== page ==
Microsoft's storage recommendations vary depending on the Exchange server's expected workload. For a server that will be servicing a large number of users though, Microsoft recommends the following disk configuration:
|C:||Direct-attached storage (RAID 1)||Windows, Exchange, system files|
|D:||Direct-attached storage (RAID 1)||Pagefile|
|E:||SAN RAID 0+1||MTA and SMTP queues|
|F:||SAN RAID 1||Log files for first storage group|
|G:||SAN RAID 0+1||Databases for the first storage group|
If your Exchange server contains multiple storage groups, Microsoft recommends that you create extra volumes. For each Exchange Server storage group, the log files should be placed on a SAN-based RAID 1 array; the Exchange Server databases should be placed on a SAN-based RAID 0+1 array.
Volumes C: and D: are recommended to be on direct-attached RAID 1 volumes. RAID 1 refers to mirrored drives. The significance of this configuration is that the pagefile is kept separate from the system drive for performance reasons. Both the system drive and the drive containing the pagefile are mirrored for fault tolerance.
Microsoft then recommends using separate volumes for databases within an Exchange Server storage group, and the transaction logs associated with that storage group, for fault tolerance. That way, if there is a problem with the disks containing the databases, the transaction logs (which are necessary for a complete database restoration) are unaffected.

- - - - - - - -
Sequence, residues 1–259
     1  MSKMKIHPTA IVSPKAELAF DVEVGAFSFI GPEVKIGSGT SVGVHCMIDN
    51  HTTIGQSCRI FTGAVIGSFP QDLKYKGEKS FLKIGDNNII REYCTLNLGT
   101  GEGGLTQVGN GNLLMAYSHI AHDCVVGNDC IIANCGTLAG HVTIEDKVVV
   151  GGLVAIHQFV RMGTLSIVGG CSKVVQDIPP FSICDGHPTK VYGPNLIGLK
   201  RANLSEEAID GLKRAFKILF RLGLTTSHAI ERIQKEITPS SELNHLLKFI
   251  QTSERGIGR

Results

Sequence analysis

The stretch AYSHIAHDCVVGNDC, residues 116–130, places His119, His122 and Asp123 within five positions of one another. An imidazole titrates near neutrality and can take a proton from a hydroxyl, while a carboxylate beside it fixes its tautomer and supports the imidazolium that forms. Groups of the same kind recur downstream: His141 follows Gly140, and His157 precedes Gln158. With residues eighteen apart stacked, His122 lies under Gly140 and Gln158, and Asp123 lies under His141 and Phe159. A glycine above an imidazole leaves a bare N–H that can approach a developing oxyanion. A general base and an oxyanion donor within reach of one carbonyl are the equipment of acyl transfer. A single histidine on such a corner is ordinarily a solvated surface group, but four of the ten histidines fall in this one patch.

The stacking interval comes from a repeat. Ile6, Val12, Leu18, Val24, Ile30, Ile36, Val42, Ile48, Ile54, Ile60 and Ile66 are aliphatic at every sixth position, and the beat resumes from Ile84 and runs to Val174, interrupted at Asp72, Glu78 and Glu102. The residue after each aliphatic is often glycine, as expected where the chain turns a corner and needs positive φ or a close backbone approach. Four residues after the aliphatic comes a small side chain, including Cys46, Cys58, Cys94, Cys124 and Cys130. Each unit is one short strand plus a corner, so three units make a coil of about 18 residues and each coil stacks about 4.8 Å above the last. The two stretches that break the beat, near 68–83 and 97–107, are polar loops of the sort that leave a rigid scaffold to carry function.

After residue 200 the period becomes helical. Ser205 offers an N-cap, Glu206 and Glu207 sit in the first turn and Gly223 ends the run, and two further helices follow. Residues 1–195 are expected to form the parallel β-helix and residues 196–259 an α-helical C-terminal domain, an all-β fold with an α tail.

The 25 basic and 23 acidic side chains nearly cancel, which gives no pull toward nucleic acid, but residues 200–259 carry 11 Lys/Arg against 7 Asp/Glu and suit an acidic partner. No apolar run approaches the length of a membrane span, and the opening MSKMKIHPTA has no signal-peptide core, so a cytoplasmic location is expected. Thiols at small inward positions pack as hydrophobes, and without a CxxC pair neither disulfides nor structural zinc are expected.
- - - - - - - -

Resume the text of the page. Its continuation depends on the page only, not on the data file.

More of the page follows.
Microsoft also suggests dedicating a separate volume to the MTA and SMTP queues. This configuration prevents disk I/O related to SMTP mail flow from negatively impacting performance on the volumes used to store the Exchange Server databases and transaction logs.
In the above table, Microsoft recommends that the volumes used for the MTA and SMTP queues and database be SAN RAID 0+1 arrays. A RAID 0+1 array is basically a mirrored RAID 0 array.
While Microsoft recommends the use of RAID 1 and RAID 0+1, these are by no means the only RAID types that will work with Exchange Server. In fact, the aforementioned configuration is probably only optimal in a SAN-based deployment. You are probably better off using an alternate RAID configuration in a non-SAN storage scenario.
CRASH COURSE: EXCHANGE SERVER 2003 STORAGE MANAGEMENT
Part 1: Microsoft's Exchange Server storage recommendations
Part 2: RAID configuration options for Exchange Server storage
Part 3: Using a SAN for Exchange Server storage
Part 4: Using NAS for Exchange Server storage
Part 5: Using DAS for Exchange Server storage
Part 6: Related resources on Exchange Server storage management
|ABOUT THE AUTHOR:|
| Brien M. Posey, MCSE
Brien M. Posey, MCSE, is a Microsoft Most Valuable Professional for his work with Exchange Server, and has previously received Microsoft's MVP award for Windows Server and Internet Information Server (IIS). Brien has served as CIO for a nationwide chain of hospitals and was once responsible for the Department of Information Management at Fort Knox. As a freelance technical writer, Brien has written for Microsoft, TechTarget, CNET, ZDNet, MSD2D, Relevant Technologies and other technology companies. You can visit Brien's personal Web site at http://www.brienposey.com.